Despite numerous hiccups and tactical errors such as the sending of our old centrifuges to the IAEA, successive governments of Pakistan stood their ground on the nuclear issue – especially in terms of protecting our nuclear capability’s interests. For the first time we have now chosen to surrender on this count – for that is what happened on August 1, 2008, in the IAEA board of governors meeting where Pakistan showed its pusillanimity and abandoned its policy of at least seeking a vote in this body on the IAEA-India safeguards.
This is clearly a first in our soon to be many compromises on the nuclear issue. A similar surrender in the Conference on Disarmament in Geneva on the Fissile Material Cut off Treaty (FMCT) will be next. So far we have been holding out against the US draft, supported by India, which contravenes the international consensus on the FMCT (as discussed in earlier columns) reflected in the Shannon Report of March 1995 and in UN General Assembly Resolution 48/75L. But now we should brace ourselves for the inevitable compromise if the prevailing decision makers and their advisers continue on their path of making Pakistan a loyal satellite state of the US.
The game plan that some of us had been pointing to for some time now has become abundantly overt. This plan rests on a three-pronged strategy at the macro level, with many off shoots at the micro level: one, weakening key state institutions and keeping the subjugated ones in that position with perhaps a facade of compromise if required; two, of aggravating the law and order situation beyond the tribal belt; and, three, of gradually and piecemeal compromising on our nuclear capability so that eventually the stability and credibility of the deterrence is destroyed which would then make it easier to rollback the whole programme.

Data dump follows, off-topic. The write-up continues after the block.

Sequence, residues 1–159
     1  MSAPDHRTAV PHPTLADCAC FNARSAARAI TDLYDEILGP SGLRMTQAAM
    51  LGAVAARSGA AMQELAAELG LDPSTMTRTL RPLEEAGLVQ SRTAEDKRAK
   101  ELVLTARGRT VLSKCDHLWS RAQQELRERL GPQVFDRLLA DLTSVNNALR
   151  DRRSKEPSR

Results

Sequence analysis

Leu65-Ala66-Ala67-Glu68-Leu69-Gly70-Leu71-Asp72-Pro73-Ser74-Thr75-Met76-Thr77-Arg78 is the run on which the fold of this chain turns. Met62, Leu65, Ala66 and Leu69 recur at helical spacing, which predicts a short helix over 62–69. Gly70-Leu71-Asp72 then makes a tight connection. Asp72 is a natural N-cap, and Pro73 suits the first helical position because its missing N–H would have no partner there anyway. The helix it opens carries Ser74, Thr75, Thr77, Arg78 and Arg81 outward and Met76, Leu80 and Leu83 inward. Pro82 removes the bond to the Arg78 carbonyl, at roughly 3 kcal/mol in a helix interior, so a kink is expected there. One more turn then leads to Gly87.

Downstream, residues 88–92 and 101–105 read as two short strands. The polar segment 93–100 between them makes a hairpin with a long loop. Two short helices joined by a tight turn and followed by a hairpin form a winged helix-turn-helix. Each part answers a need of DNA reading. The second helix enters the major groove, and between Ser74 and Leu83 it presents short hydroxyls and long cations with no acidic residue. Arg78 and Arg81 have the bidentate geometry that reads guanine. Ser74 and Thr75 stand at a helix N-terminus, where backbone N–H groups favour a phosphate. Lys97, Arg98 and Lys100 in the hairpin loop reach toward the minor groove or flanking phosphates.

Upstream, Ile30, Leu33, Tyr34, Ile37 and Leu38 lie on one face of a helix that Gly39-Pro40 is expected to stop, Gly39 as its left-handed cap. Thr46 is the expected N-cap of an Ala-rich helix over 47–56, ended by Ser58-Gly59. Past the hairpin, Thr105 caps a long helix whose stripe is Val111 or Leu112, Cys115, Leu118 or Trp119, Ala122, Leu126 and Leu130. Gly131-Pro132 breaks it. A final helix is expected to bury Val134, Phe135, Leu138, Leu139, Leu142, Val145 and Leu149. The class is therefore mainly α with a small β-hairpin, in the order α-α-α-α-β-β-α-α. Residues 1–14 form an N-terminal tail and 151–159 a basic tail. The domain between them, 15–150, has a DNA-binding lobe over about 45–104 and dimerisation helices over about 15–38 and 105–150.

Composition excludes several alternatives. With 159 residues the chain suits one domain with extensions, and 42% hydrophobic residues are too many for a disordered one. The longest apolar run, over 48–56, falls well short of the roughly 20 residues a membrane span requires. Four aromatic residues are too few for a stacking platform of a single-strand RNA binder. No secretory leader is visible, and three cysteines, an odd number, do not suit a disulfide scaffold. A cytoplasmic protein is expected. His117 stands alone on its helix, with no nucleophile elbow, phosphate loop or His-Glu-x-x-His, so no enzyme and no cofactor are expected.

Some of these strategies were being operationalised before February 2008, but clearly the Americans felt a double game was going on by the Pakistanis to preserve their national interests and hence the search for more reliable political partners. Certainly, Ms Bhutto on her return, albeit via the NRO, sensed the national mood and was embracing it as reflected in her visit to the Judges Colony and her commitment to the restoration of the deposed Supreme Court judges. Her tragic assassination not only traumatised the whole nation regardless of their politics, but it inflicted on this hapless nation a design for its destruction – not so much physically, although that may happen also if the US plan for balkanisation comes through in this region, but in terms of it being handed over to the US as a loyal satellite.